Texas Legislature Needs to Do Better By Its College Students, Or Let's Just Keep Exporting Them to Other States

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As we close in on rodeo time at the 2009 version of the Texas Legislature, education funding, as usual, will be one of the main topics. And in a dour economy, it's no secret that the degree-of-difficulty factor has just been ramped up a couple extra notches.

We caught up with Scott Hochberg (D-Houston), who mostly deals with K-12 issues but works with higher-education funding and says there's a trickle down effect on K-12. "If families and kids don't believe there's college in their future, or at least some form of post-secondary education it's hard to motivate them to finish high school."

According to Hochberg, the state has let its college students down before.

"We made a commitment to students that we were going to make Texas grants available to anybody who was eligible to go to college. We then welshed on that commitment as a result of failure of  the leadership to even entertain the idea of fully funding that program."

Now, he says, they've received recommendations from the state's Higher Education Coordinating Board to even further limit who gets those loans and grants. "We've even talked about making community college students ineligible and that is arguably one of the places where it does the most good in terms of increasing access."

All this is something, Hochberg says, "we can fix for not a lot of money. The cost of fully funding Texas grants is relatively small versus the whole budget."

The state also has a shortage of what he calls "upper-end college capacity," Hochberg says.

"We still have roughly the same number of slots for high level students, i.e. UT and Texas A&M as we had when I was in college, which was before they invented chalk. And that doesn't make sense at all."

"According to at least one set of numbers I've seen, we are a net exporter of college students, to the tune of about 5,000 a year. It's no surprise that we are both that and we are supposedly the state that lost the highest number of high-tech jobs in the country over a five-year period."

Hochberg thinks the Legislature should help elevate the quality of some of the state's second-tier schools and he hopes that the University of Houston would reap the benefits of that. "I think UH is logically positioned to be there," he says "Both the Houston and Dallas areas suffer from not having such an institution nearby. And I don't count A&M as nearby."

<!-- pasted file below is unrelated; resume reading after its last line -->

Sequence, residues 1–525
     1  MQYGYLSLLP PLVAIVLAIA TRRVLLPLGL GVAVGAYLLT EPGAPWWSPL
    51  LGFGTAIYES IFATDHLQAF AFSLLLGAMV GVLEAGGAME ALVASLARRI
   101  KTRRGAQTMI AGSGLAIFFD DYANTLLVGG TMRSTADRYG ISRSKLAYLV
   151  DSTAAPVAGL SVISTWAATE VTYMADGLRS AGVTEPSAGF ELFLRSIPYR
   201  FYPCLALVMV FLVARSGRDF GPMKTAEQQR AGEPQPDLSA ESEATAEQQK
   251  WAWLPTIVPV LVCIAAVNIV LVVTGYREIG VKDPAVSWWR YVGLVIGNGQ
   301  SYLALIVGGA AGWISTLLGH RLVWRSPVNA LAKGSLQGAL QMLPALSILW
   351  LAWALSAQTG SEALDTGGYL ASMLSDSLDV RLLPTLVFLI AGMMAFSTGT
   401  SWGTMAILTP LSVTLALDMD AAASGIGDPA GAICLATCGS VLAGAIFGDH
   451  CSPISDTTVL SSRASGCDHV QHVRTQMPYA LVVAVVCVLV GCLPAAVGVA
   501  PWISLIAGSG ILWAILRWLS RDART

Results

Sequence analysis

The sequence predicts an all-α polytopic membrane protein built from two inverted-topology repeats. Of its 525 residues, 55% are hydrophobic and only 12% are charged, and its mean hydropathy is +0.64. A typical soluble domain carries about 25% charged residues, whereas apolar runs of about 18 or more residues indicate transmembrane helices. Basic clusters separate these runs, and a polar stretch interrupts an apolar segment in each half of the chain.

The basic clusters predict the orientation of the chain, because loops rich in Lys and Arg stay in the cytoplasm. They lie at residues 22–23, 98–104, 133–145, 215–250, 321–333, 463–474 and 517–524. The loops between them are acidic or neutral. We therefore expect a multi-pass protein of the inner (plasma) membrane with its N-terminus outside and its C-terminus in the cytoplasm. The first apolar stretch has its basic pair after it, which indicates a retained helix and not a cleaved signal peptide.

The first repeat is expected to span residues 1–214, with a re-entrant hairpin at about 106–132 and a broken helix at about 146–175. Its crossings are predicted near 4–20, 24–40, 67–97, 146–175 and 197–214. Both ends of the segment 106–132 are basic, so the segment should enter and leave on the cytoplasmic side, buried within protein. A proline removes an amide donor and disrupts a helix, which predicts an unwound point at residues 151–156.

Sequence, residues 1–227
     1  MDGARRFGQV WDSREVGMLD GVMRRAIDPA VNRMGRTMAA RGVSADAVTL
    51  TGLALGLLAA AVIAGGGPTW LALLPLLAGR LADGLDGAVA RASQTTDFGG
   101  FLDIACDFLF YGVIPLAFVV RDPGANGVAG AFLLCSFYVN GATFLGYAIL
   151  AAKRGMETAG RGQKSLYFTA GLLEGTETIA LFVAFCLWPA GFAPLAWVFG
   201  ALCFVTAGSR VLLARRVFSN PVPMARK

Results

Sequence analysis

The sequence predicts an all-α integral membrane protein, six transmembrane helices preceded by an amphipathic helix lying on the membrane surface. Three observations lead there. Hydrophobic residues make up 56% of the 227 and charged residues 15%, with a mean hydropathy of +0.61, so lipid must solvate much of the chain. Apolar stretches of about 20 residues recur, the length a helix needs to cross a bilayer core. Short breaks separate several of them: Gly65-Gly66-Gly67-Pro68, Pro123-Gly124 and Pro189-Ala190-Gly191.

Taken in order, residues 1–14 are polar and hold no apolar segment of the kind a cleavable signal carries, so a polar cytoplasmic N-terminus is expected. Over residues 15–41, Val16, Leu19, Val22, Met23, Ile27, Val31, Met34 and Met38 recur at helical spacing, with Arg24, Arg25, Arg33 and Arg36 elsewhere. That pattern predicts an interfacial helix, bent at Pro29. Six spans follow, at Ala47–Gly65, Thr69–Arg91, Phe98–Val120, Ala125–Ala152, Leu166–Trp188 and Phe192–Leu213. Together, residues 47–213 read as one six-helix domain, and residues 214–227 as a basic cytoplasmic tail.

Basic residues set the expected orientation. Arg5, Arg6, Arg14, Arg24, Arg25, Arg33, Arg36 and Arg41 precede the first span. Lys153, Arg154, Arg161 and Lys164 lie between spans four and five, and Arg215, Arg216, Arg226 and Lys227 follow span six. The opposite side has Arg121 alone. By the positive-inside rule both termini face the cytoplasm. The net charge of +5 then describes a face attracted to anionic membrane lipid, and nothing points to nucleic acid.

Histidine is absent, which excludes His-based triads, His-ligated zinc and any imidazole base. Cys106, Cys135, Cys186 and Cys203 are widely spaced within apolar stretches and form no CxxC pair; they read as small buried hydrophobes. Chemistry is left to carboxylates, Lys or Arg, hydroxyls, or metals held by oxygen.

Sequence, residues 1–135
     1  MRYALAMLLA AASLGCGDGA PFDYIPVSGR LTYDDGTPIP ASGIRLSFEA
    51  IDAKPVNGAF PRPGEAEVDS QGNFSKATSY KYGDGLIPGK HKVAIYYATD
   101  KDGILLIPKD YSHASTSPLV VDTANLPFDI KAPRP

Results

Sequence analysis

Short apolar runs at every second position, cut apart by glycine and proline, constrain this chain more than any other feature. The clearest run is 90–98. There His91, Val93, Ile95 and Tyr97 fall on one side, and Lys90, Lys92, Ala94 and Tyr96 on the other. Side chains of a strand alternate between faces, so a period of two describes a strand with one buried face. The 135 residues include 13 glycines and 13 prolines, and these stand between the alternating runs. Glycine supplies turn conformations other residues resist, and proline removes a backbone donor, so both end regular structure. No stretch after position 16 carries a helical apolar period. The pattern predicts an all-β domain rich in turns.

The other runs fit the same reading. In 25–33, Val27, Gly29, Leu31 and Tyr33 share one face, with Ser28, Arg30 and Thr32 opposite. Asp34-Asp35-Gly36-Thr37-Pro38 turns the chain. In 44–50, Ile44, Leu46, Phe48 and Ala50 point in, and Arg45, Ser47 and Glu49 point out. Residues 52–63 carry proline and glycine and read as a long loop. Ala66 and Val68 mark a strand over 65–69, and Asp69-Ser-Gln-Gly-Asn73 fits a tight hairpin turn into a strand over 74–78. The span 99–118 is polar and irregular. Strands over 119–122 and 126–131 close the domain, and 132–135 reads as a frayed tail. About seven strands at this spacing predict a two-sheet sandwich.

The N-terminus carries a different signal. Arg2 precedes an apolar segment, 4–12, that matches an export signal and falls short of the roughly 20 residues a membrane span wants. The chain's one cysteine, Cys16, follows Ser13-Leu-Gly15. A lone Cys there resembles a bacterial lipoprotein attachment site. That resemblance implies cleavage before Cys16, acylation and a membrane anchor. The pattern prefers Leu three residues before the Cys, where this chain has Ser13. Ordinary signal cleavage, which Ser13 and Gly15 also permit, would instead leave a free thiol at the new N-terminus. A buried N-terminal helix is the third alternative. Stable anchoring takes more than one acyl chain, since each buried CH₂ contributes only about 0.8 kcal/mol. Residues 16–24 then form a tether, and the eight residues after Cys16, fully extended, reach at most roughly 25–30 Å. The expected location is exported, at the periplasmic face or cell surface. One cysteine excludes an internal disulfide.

Something has to change about rising tuition costs, he says. "We have essentially thrown college-costs recovery onto tuition in a greater level than we used to. If tuition is 25 percent of the cost of running a university and it's got to make up all of the inflation for the entire university budget, then it's going to go up by a whole heck of a lot more than the 10 percent inflation rate to cover it."

At the same time, Hochberg says, the Legislature needs to talk about cost control at the university level and not just about tuition. "I'm talking about the costs of operating colleges and universities."

He concedes there are no immediate short term fixes but says it's something legislators have to start considering.

"And I don't believe the answer is to route everybody to community college. I think community college is perfectly appropriate for a lot of folks. But I think for people who say that, I think if you ask them if they want their kids to go to community college for the first two years or if they would advocate for instance, shutting down the first two years of UT and A&M and turning those into additional upper level slots, I think those folks who advocate sending everybody to community college will quickly say, 'Oh no, we didn't mean that.' "

"The universities have been extremely resistant to the concept that we have any business looking at their overall budget. They've argued strongly that we don't fund their whole budget so as long as they're doing okay with the piece we give them, what business is the rest of it.  I don't happen to agree with that position."

Education always strikes at the core of people's belief system. If it's not what's being taught, it's how and, often, how it's going to be paid for. Add further financial pressures to the mix and you have the makings of some really good floor fights in the upcoming session.

-- Margaret Downing

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